When TLS provides handshake bytes to be sent, they are appended to When TLS provides handshake bytes to be sent, they are appended to
the current flow. Any packet that includes the CRYPTO frame is the handshake bytes for the current encryption level. The encryption
protected using keys from the corresponding encryption level. Four level then determines the type of packet that the resulting CRYPTO
encryption levels are used, producing keys for Initial, 0-RTT, frame is carried in; see Table 1.
Four encryption levels are used, producing keys for Initial, 0-RTT,
Handshake, and 1-RTT packets. CRYPTO frames are carried in just Handshake, and 1-RTT packets. CRYPTO frames are carried in just
three of these levels, omitting the 0-RTT level. These four levels three of these levels, omitting the 0-RTT level. These four levels
correspond to three packet number spaces: Initial and Handshake correspond to three packet number spaces: Initial and Handshake
encrypted packets use their own separate spaces; 0-RTT and 1-RTT encrypted packets use their own separate spaces; 0-RTT and 1-RTT
packets use the application data packet number space. packets use the application data packet number space.
QUIC takes the unprotected content of TLS handshake records as the QUIC takes the unprotected content of TLS handshake records as the
content of CRYPTO frames. TLS record protection is not used by QUIC. content of CRYPTO frames. TLS record protection is not used by QUIC.
QUIC assembles CRYPTO frames into QUIC packets, which are protected QUIC assembles CRYPTO frames into QUIC packets, which are protected
using QUIC packet protection. using QUIC packet protection.
QUIC is only capable of conveying TLS handshake records in CRYPTO QUIC is only capable of conveying TLS handshake records in CRYPTO
frames. TLS alerts are turned into QUIC CONNECTION_CLOSE error frames. TLS alerts are turned into QUIC CONNECTION_CLOSE error
codes; see Section 4.10. TLS application data and other message codes; see Section 4.10. TLS application data and other message
types cannot be carried by QUIC at any encryption level and is an types cannot be carried by QUIC at any encryption level and is an
error if they are received from the TLS stack. error if they are received from the TLS stack.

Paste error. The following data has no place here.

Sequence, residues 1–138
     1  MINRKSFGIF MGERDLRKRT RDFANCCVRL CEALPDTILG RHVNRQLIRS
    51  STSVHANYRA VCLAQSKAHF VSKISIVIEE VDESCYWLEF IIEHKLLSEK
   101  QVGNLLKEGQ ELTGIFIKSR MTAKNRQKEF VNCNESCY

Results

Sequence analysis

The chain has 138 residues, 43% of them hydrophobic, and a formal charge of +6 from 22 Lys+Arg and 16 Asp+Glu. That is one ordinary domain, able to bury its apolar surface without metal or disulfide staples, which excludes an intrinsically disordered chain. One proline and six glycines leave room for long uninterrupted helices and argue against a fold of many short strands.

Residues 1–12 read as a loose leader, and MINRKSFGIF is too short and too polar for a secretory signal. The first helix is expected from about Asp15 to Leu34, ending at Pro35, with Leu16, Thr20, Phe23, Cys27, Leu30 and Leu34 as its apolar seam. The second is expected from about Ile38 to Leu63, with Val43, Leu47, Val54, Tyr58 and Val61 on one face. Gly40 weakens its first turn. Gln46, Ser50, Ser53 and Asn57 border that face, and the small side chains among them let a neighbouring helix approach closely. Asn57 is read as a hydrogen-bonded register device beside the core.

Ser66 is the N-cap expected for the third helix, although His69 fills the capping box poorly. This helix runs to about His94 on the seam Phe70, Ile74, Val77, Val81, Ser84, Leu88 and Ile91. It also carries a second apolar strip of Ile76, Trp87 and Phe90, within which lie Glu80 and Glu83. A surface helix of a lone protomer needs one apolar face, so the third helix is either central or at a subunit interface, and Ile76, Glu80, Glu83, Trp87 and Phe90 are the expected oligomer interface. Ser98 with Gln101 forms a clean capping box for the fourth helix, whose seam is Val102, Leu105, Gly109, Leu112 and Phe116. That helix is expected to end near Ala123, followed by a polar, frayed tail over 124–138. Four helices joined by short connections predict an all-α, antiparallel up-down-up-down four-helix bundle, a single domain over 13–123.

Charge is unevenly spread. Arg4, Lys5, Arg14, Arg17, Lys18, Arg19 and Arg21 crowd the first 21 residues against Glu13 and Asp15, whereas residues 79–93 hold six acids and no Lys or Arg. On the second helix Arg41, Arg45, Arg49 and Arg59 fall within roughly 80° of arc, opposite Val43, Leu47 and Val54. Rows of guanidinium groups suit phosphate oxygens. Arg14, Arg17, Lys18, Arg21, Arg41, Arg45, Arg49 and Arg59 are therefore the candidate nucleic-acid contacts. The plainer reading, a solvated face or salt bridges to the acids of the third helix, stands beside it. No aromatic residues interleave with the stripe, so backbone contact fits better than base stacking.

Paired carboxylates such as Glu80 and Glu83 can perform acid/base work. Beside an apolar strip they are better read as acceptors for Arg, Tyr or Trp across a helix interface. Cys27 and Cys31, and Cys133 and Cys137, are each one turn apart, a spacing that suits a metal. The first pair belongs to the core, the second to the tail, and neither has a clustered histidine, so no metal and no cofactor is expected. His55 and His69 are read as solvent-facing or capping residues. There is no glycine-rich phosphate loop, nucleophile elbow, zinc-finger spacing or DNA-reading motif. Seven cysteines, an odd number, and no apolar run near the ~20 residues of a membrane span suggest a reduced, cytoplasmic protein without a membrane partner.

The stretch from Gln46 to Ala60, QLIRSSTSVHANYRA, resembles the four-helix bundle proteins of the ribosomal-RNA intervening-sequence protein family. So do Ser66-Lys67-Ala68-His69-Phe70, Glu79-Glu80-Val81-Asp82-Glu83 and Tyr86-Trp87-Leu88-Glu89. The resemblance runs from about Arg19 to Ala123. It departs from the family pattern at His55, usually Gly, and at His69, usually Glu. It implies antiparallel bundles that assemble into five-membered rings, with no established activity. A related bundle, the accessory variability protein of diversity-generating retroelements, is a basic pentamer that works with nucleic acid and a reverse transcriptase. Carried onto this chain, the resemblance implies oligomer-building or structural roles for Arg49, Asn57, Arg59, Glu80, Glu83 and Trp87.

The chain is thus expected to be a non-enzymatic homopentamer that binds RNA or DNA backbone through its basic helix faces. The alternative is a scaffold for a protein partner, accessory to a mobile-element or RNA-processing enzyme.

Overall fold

When an endpoint receives a QUIC packet containing a CRYPTO frame When an endpoint receives a QUIC packet containing a CRYPTO frame
from the network, it proceeds as follows: from the network, it proceeds as follows:
o If the packet was in the TLS receiving encryption level, sequence o If the packet uses the current TLS receiving encryption level,
the data into the input flow as usual. As with STREAM frames, the sequence the data into the input flow as usual. As with STREAM
offset is used to find the proper location in the data sequence. frames, the offset is used to find the proper location in the data
If the result of this process is that new data is available, then sequence. If the result of this process is that new data is
it is delivered to TLS in order. available, then it is delivered to TLS in order.
o If the packet is from a previously installed encryption level, it o If the packet is from a previously installed encryption level, it
MUST NOT contain data which extends past the end of previously MUST NOT contain data which extends past the end of previously
received data in that flow. Implementations MUST treat any received data in that flow. Implementations MUST treat any
violations of this requirement as a connection error of type violations of this requirement as a connection error of type
PROTOCOL_VIOLATION. PROTOCOL_VIOLATION.
o If the packet is from a new encryption level, it is saved for o If the packet is from a new encryption level, it is saved for
later processing by TLS. Once TLS moves to receiving from this later processing by TLS. Once TLS moves to receiving from this
encryption level, saved data can be provided. When providing data encryption level, saved data can be provided to TLS. When
from any new encryption level to TLS, if there is data from a providing data from any new encryption level to TLS, if there is
previous encryption level that TLS has not consumed, this MUST be data from a previous encryption level that TLS has not consumed,
treated as a connection error of type PROTOCOL_VIOLATION. this MUST be treated as a connection error of type
PROTOCOL_VIOLATION.
Each time that TLS is provided with new data, new handshake bytes are Each time that TLS is provided with new data, new handshake bytes are
requested from TLS. TLS might not provide any bytes if the handshake requested from TLS. TLS might not provide any bytes if the handshake